The major economic story in 2013 has been the startling rebound in investor and consumer sentiment in Japan. Both the Nikkei 225 and consumer confidence are at their highest levels since 2007, and the Yen has fallen over 15% against both the Euro and the Dollar. However, the Tankan manufacturing survey and industrial production are still contracting; the retail survey and retail sales are still sluggish; and while business sector confidence is near record highs, we have not seen a meaningful increase in hiring…yet.
Moreover, while the 10 year Japanese Government Bond did initially fall from 0.8% to 0.4% it has since risen back to that level. And, once you strip out the impact of the planned rise in the consumption tax in 2014, index-linked JGBs are only pricing in inflation of 1% in 2015, against Abe’s target of 2%. We are also mindful that it will take meaningful structural reform of the Japanese supply side to end deflation. Accordingly, the cautiously optimistic forecast for a weak recovery in Japanese growth in 2014 seems plausible.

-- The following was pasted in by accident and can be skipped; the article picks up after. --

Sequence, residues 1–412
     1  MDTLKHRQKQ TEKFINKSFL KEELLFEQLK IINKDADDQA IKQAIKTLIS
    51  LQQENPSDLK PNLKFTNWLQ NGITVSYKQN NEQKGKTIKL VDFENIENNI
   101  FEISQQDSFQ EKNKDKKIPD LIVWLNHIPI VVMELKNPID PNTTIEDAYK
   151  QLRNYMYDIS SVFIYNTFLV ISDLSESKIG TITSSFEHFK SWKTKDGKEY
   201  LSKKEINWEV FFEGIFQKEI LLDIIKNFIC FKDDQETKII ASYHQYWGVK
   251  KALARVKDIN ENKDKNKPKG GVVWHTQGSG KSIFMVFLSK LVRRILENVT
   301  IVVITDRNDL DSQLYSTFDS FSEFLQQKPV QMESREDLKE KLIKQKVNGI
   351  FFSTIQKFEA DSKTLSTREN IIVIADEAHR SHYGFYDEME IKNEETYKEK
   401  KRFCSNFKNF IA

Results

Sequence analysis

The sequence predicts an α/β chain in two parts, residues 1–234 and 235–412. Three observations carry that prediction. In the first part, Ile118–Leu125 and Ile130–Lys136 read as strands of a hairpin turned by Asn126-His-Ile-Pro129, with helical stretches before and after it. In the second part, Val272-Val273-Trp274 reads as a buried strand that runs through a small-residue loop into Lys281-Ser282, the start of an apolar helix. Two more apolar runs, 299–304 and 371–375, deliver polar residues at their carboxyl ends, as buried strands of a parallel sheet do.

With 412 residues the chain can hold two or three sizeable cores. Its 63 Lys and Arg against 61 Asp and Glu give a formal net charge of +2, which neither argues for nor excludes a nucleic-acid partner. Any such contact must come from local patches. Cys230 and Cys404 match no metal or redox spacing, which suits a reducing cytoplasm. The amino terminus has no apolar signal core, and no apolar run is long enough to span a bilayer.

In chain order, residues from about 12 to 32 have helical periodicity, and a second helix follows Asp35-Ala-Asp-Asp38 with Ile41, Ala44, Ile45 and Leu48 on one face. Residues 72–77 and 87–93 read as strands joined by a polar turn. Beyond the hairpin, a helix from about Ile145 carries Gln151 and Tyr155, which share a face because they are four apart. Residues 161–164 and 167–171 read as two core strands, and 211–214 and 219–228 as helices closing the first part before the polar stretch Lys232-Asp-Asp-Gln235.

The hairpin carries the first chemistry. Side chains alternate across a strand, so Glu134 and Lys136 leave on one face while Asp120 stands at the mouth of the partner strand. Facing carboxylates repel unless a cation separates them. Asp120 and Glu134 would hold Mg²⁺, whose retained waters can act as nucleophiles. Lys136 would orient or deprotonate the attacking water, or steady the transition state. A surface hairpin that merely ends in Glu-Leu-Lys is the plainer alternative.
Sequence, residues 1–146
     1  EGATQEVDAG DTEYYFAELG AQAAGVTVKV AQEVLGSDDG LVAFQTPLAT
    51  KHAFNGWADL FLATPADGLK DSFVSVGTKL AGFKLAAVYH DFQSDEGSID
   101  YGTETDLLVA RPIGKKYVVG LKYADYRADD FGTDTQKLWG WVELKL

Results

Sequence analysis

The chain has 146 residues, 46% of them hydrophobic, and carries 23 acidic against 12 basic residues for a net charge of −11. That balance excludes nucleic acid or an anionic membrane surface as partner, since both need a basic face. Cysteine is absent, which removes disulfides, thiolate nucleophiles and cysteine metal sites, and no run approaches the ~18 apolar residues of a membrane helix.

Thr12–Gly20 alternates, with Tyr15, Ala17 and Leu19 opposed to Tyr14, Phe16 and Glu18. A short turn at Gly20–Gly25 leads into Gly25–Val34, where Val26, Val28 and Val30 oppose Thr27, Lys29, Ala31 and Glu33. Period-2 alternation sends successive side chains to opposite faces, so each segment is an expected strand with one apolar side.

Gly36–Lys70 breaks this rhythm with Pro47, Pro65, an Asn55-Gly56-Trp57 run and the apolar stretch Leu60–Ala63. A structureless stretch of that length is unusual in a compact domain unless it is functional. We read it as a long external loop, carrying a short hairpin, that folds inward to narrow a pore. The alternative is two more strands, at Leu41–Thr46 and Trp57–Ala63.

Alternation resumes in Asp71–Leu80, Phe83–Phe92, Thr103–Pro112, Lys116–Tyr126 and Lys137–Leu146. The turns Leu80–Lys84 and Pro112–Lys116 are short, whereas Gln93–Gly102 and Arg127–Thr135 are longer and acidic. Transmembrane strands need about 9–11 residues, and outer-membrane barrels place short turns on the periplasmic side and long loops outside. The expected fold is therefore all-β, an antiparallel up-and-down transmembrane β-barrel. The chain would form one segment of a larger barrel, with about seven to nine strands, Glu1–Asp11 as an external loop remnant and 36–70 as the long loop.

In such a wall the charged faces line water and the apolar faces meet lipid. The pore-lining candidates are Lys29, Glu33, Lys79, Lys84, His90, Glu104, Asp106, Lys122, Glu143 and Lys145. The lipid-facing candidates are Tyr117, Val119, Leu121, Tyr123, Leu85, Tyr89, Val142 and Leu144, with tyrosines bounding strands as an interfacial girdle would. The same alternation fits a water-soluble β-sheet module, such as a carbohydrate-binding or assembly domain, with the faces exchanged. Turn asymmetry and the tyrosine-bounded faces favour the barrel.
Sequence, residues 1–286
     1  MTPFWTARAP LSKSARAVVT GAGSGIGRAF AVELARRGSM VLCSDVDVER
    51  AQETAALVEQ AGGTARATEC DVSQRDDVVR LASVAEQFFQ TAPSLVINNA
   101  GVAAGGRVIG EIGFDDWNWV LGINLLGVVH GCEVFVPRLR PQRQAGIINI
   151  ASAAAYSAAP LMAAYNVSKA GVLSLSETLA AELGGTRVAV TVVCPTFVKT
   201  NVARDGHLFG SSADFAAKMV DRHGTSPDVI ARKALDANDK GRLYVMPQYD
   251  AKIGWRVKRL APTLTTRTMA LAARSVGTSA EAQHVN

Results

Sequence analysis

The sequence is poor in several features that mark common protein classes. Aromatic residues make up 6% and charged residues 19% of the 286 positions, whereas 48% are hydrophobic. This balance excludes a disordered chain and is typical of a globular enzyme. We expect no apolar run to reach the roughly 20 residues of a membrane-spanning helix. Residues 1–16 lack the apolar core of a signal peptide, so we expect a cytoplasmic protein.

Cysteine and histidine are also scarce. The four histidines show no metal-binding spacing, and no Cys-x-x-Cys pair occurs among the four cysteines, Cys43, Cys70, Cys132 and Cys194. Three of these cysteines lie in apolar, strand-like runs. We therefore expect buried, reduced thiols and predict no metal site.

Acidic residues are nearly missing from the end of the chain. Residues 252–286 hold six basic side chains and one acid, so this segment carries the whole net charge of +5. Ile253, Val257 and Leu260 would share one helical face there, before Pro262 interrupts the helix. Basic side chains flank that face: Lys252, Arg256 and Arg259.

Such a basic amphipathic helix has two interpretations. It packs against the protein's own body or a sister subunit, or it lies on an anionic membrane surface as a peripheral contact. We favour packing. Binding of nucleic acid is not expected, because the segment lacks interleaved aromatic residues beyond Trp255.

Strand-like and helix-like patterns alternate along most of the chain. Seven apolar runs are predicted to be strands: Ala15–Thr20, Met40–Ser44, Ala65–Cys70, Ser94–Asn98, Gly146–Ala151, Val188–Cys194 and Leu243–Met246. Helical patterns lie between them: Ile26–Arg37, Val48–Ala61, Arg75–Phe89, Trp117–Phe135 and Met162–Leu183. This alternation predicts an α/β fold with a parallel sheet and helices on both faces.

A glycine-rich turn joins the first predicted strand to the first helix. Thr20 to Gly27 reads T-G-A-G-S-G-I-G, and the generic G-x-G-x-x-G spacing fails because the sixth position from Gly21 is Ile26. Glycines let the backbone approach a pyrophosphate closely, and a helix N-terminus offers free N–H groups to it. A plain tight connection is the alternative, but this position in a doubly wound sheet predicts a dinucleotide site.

Ironically, perhaps the more significant impact of Abenomics has been outside Japan, where a number of central banks have cut rates to offset the negative impact on their exporters of the Yen’s sharp fall. We’ve seen cuts in Kenya, Israel, Poland, Estonia, New Zealand, Brazil, South Korea and the Eurozone since the last edition of Global Vision, and all but the Eurozone openly cited currency movements as a major reason to change. Even in the Eurozone, where domestic economic weakness certainly justifies looser monetary policy, the central bank governor hinted at the possibility of negative deposit rates – a move interpreted by many as an attempt to verbally talk down the Euro.
Source : CBRE Global Investors